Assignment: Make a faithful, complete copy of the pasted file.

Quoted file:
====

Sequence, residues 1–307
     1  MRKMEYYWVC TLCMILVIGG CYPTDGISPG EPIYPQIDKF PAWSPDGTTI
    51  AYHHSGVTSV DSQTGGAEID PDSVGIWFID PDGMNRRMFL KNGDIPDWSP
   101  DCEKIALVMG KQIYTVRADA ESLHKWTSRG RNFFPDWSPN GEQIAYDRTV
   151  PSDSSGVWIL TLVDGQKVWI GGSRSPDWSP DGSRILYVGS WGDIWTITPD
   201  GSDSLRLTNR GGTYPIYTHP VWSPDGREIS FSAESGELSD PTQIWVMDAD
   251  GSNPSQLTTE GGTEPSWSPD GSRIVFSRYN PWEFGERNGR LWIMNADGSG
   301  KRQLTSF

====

Sequence, residues 1–307
     1  MRKMEYYWVC TLCMILVIGG CYPTDGISPG EPIYPQIDKF PAWSPDGTTI
    51  AYHHSGVTSV DSQTGGAEID PDSVGIWFID PDGMNRRMFL KNGDIPDWSP
   101  DCEKIALVMG KQIYTVRADA ESLHKWTSRG RNFFPDWSPN GEQIAYDRTV
   151  PSDSSGVWIL TLVDGQKVWI GGSRSPDWSP DGSRILYVGS WGDIWTITPD
   201  GSDSLRLTNR GGTYPIYTHP VWSPDGREIS FSAESGELSD PTQIWVMDAD
   251  GSNPSQLTTE GGTEPSWSPD GSRIVFSRYN PWEFGERNGR LWIMNADGSG
   301  KRQLTSF